Norv Turner

Turner was definitely below average as a head coach. As an offensive coordinator, he is simply Norvelous. He spreads the field, and has opened up every offense he has ever led. In the era of dink and dunk West Coast football, Turner likes the quick strike. Head coaches sing his praises and let him run the offense.

Joe Bugel

“Buges” proved almost completely unsuccessful as a head coach. As an offensive line coach, he is one of the all time greats. He built the Washington Redskins offensive line known as “the Hogs.” Together, they won three Super Bowls with three different quarterbacks. Vince Lombardi said that everything about football comes down to blocking and tackling. Bugel is a Jedi master of blocking. The glamorous guys get all of the attention, but the lunch bucket guys in the trenches set up every single play. Bugel is the hero of blue collar football grunters and grinders everywhere.


When it comes to making improvements to the Football Hall of Fame, this proposed category is more of an afterthought than a necessity. With the backlog of players waiting to get in to the shrine, it is hard to justify a new category of non-players. The flip side of this argument is that football is a television sport. Therefore, television personalities who cover football matter. No, this will not lead to a floodgate of requests to get sports agents or video game makers inducted.

But every once in awhile, an individual in the media world contributes so much to the game that they deserve recognition. Had John Madden not been inducted as a head coach, he would deserve consideration as the first broadcaster for entry. Ed Sabol was inducted for his creation and continuation of NFL Films. Michael Irvin and many other standout players hugged Sabol. They recognized his contribution to the game. They were great players. He made them stars and celebrities. And many of them Football Hall of Fame enshrinees.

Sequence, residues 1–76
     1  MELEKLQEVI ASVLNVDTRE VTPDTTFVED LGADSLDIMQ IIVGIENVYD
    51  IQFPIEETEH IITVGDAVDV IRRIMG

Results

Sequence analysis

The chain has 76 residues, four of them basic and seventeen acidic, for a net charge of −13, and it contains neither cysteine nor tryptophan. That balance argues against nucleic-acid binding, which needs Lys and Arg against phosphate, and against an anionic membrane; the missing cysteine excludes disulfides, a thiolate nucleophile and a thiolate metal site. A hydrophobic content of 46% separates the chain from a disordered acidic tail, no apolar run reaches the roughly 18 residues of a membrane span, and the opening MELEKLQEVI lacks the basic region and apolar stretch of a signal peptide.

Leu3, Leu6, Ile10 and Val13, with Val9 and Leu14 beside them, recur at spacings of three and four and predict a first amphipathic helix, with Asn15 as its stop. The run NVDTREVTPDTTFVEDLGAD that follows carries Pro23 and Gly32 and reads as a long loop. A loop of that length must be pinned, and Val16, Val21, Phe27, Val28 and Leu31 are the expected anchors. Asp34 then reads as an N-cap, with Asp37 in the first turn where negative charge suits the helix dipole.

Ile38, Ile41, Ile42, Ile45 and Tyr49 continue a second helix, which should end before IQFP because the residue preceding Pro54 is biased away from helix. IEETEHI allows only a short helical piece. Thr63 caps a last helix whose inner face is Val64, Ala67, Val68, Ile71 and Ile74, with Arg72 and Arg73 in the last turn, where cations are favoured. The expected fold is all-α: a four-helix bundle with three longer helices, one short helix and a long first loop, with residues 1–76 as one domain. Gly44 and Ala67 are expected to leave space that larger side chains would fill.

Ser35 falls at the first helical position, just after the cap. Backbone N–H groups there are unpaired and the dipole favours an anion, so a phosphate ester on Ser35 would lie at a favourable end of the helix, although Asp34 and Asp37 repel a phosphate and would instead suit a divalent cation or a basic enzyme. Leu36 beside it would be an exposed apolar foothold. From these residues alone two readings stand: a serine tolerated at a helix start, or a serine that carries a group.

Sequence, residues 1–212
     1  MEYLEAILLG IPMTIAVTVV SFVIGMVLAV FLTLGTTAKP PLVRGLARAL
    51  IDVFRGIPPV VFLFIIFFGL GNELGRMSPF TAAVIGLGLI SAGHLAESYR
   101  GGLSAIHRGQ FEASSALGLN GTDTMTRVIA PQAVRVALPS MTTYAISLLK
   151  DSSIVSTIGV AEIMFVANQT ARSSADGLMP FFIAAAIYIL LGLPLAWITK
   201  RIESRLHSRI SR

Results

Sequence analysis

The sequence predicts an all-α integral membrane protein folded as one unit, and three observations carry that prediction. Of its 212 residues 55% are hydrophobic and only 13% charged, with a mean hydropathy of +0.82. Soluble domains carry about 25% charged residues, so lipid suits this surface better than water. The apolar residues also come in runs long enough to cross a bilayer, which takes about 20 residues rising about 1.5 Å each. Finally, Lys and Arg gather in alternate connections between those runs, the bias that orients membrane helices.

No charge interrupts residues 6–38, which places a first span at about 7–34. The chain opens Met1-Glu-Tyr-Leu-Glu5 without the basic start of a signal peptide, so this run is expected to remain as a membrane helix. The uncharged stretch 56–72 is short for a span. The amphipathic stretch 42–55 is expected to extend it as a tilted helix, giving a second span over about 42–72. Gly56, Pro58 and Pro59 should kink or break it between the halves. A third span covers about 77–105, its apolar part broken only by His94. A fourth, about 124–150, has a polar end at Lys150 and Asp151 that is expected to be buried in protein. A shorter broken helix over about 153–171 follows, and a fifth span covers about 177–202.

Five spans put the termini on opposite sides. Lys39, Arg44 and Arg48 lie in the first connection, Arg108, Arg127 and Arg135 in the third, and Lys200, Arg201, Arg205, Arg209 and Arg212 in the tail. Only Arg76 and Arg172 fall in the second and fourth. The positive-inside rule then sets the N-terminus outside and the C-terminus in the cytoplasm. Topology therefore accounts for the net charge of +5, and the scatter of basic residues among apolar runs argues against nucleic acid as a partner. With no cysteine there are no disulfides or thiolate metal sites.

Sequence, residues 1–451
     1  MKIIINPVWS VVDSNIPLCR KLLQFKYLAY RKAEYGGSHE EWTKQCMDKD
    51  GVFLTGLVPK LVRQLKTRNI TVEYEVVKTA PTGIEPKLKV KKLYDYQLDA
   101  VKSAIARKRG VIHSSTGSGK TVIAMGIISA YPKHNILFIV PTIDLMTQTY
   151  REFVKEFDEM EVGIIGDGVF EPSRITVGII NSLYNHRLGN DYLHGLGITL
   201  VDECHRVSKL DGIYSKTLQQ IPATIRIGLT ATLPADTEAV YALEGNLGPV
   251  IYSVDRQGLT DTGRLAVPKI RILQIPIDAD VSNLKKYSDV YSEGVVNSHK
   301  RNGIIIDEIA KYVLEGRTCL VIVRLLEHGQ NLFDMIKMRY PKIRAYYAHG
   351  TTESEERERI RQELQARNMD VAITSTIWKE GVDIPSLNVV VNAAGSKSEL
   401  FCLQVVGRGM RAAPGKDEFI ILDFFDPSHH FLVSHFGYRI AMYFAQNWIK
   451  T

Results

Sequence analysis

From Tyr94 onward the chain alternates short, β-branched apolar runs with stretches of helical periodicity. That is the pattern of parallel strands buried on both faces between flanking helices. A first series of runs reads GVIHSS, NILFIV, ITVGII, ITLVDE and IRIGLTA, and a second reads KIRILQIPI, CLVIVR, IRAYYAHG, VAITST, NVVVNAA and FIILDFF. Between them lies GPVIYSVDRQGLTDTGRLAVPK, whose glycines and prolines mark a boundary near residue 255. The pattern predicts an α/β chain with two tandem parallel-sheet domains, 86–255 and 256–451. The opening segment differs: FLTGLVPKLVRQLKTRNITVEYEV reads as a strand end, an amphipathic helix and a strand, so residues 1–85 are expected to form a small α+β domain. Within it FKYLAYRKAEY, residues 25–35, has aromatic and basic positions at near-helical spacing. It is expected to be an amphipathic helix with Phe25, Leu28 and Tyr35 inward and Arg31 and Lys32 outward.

With Sabol getting in as a contributor, that can justify others. Many of have made the NFL what it is today.

Roone Arledge

Arledge created Monday Night Football. The ABC executive’s vision of a reward to the working man is still thriving decades later. Since 1970, Monday has gone from the worst day of the week to a football game that rewards a hard day of work. MNF has lost some of its luster since losing the best games to Sunday Night Football, but it still matters.

Howard Cosell

The colorful Cosell became the main cog in the first Monday Night Football announcing team. His willingness to call it like he saw it made him controversial. He talked big, and backed it up with incisive commentary.

Al Michaels

Michaels is the best play-by-play man in the business. He is ultra-professional, and knows the game inside and out. He keeps the game flowing, and has worked with personalities as diverse as John Madden and Cris Collinsworth.

Peter King

King wrote the Monday Morning Quarterback column for Sports Illustrated until this year. MMQB ran over 10,000 words, and leatherheads read it from cover to cover. He would try to visit as many of the 32 training camps as possible. He is the gold standard for football writers everywhere. His self-deprecating “10 things I think I think” was modesty. He knows football.

Chris “Boomer” Berman

Boomer was the best in-studio football analyst ever. Forget that he came up with hilarious nicknames for players. His 20 years hosting NFL Primetime brought football to a generation of kids who only got to see their local games. Before DirecTV, NFL Primetime was the original NFL package. An honorable mention goes to his sidekick for all of those years, Tom Jackson. Jackson brought the calm, sober analysis that perfectly balanced Berman’s over-the-top enthusiasm. Berman took Warner Wolf and his famous “Let’s go to the videotape” refrain to the next level.


Eric Golub

Brooklyn born, Long Island raised and now living in Los Angeles, Eric Golub is a politically conservative columnist, blogger, author, public speaker, satirist and comedian. Read more from Eric at his TYGRRRR EXPRESS blog. Eric is the author of the book trilogy “Ideological Bigotry, “Ideological Violence,” and “Ideological Idiocy.”